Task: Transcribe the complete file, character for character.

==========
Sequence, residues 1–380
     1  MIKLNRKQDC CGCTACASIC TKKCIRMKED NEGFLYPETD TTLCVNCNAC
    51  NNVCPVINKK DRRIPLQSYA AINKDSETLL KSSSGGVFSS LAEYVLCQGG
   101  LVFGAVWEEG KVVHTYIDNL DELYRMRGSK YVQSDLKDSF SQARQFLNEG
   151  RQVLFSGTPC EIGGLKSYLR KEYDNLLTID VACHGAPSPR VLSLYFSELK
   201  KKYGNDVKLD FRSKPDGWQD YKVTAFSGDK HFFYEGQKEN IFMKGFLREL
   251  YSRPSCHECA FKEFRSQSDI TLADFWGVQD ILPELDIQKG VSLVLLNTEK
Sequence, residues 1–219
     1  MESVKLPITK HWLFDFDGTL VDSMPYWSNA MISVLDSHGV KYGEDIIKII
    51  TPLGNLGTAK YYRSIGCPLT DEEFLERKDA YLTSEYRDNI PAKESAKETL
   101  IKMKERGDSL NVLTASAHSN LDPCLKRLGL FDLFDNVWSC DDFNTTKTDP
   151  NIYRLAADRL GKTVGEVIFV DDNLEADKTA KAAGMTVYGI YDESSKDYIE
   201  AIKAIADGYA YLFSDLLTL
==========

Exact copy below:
Sequence, residues 1–380
     1  MIKLNRKQDC CGCTACASIC TKKCIRMKED NEGFLYPETD TTLCVNCNAC
    51  NNVCPVINKK DRRIPLQSYA AINKDSETLL KSSSGGVFSS LAEYVLCQGG
   101  LVFGAVWEEG KVVHTYIDNL DELYRMRGSK YVQSDLKDSF SQARQFLNEG
   151  RQVLFSGTPC EIGGLKSYLR KEYDNLLTID VACHGAPSPR VLSLYFSELK
   201  KKYGNDVKLD FRSKPDGWQD YKVTAFSGDK HFFYEGQKEN IFMKGFLREL
   251  YSRPSCHECA FKEFRSQSDI TLADFWGVQD ILPELDIQKG VSLVLLNTEK
Sequence, residues 1–219
     1  MESVKLPITK HWLFDFDGTL VDSMPYWSNA MISVLDSHGV KYGEDIIKII
    51  TPLGNLGTAK YYRSIGCPLT DEEFLERKDA YLTSEYRDNI PAKESAKETL
   101  IKMKERGDSL NVLTASAHSN LDPCLKRLGL FDLFDNVWSC DDFNTTKTDP
   151  NIYRLAADRL GKTVGEVIFV DDNLEADKTA KAAGMTVYGI YDESSKDYIE
   201  AIKAIADGYA YLFSDLLTL